I’ve decided—a little arbitrarily–that this is the type of lily I dug up and refrigerated in my last installment. I based my decision on foliage, and on the fact that the anemic lilies in the other, identical pot, have bulbils in their axils, which is a typical tiger lily thing, which (I hope) means that the other pot has Lilium cernuum in it. At least, I’m going to go with the cultural directions for Lilium cernuum album, and if all goes well, I’ll have proof. If all doesn’t go well, I won’t have proof, but that’s gardening–and scientific inquiry–in a nutshell.
Actually, I think gardeners can more easily say that they’ve achieved proof. With science, another variable can always come along. But once you’ve grown, flowered, and identified a lily, it’s pretty tough to argue the point further. Until DNA testing proves that this lily is really a subspecies, or related to another lily, and then the lumpers and splitters are at it again. and we all have to learn new Latin names.
There isn’t a common name for this lily, as far as I know, so Latin-spurners will just have to ignore the binomials and move on. It is blush-pink (album means “white”, but horticulturalists, as Tony Avent of Plant Delights so truly says, are color-blind), a fragrant, head-hanging lily that hails from the Diamond Mountains of Korea.
Europeans have known about it since about 1910. McRae puts a well-grown Lilium cernuum (the deeper pink lily that L. cernuum album is a variation of) at about 3 to 4 feet (90 to 120 cm), but Brent and Becky’s lists it as Lilium cernum, a dwarf of 12 to 24 inches (about 30 to 60 cm). Mine stuck to the smaller height, but since they were lolling over the side of the container, obviously unhealthy, it’s hard to know what this signifies. Rockwell, Grayson, and de Graaff recommend Lilium cernuum for fragrance, cutting, and hybridizing. They do not recommend it for beginners or containers, facts I intend to ignore.
Deciding that I’m going to treat my dug-up lilies as L. cernuum album is a big deal in terms of their care. I’ve spoken before of the way species bulbs develop very particular tastes, so they can grow in very particular places. It turns out that, according to Ed McRae, these lilies don’t like water in summer, and prefer full sun.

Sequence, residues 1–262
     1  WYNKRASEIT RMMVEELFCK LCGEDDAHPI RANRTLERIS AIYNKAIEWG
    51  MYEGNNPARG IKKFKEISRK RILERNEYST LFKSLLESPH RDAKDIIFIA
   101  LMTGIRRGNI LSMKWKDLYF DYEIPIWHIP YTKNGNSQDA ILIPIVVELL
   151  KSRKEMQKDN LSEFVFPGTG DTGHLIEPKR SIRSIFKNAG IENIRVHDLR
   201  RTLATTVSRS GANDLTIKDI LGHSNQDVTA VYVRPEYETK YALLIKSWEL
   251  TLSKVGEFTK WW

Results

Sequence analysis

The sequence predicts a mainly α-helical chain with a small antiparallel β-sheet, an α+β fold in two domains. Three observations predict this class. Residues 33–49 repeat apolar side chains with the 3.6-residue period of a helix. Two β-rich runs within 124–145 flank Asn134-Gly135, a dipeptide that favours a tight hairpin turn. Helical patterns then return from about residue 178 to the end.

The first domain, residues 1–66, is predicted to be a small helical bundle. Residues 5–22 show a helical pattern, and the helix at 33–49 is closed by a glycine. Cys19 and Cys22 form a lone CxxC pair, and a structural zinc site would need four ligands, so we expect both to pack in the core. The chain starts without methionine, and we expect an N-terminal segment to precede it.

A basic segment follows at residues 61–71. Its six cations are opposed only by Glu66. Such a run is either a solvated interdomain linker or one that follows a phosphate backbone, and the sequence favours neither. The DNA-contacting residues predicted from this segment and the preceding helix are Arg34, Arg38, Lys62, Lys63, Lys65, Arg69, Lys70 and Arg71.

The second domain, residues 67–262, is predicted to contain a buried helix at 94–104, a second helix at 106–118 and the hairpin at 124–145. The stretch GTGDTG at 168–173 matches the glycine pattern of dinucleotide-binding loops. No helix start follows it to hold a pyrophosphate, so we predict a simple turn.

“The bulbs must remain relatively dry following flowering; wet conditions in late summer are disastrous. In the wild, these lilies grow in sandy loam, alluvial, or rocky soils among grasses or shrubs, usually in full sun but sometimes in light shade. I grew the species very successfully in a field of volcanic soil near Parkdale, Oregon at 700 meters (2300 feet) ; the plant was breathtaking in its sheer beauty, with stems reaching 90 to 120 centimeters ( (3 to 4 feet) in height and an average of 8 flowers per stem.”
I had my lilies in semi-shade; they fell over in the container, pale and reaching for sun, which did give me a tiny hint that they needed more light. I also had them in a self-watering container which kept them moist all summer, something I thought all lilies except madonna lilies liked.
Not necessarily, it turns out.
It also turns out that it pays to read more than one resource when you’re looking up plant care. “L. cernuum does well in full sun and does not seem to have any special requirements,” trills the usually reliable Complete Book of Lilies. It just goes to show that you can’t trust anyone all of time. Because either Ed McRae is off, or Rockwell, Grayson, and de Graaff are.
All of them are respected (in the case of de Graaff, you could say “venerated”) in the lily world. Their different kinds of counsel have to do with their own experience. If they arrive at different conclusions, it’s because of different experience. This is why you can never trust anybody all of the time: their experience will often be different from yours.
So I’m creating my own L. cernuum album experience, based on what I now know. I’m relying on Ed McRae’s story pretty heavily, mainly because he gives such particular descriptions of how it worked for him. And also because while Jan de Graaff also grew lilies in Oregon, Grayson and Rockwell grew theirs on Long Island and Cape Cod, a very different kind of environment from my own.
And also because I have never gotten these lilies to actually flower, and I’ve had them for somewhere between three and five years. I’m in the mood for something drastic.
I’ll plant the Lilium cernuum album in a pot where they won’t get summer water-maybe in with the naked ladies. Or maybe not: neither of them may like the competition. In any case, I’ll have to either water the minute I plant, or keep the lilies in my refrigerator until the fall rains settle in. I’ll probably underplant them with some low-slung spring ephemerals that don’t want summer water, either (hm. I wonder if I can fit in small bulbs and poppies).
The other thing I plan to do is add extra minerals to the soil . McRae’s description of their native growing conditions, and of his own experiments in volcanic soil, show that they do well where there is rock available to them. I might gather some creek rock and sand, which will also help drainage, and I have mineral amendments that I can add extra dashes of.
And this year I plan to put all my bulbs on a strict regimen of calcium–but more about that another time.
Edward Austin McRae, Lilies, Timber Press, 1998, 2001. Quote pg. 124
Brent and Becky’s catalogue, Fall 2008
F.F. Rockwell, Esther C. Grayson, Jan de Graaff, The Complete Book of Lilies, Doubleday & Company, 1961. Quote pg. 235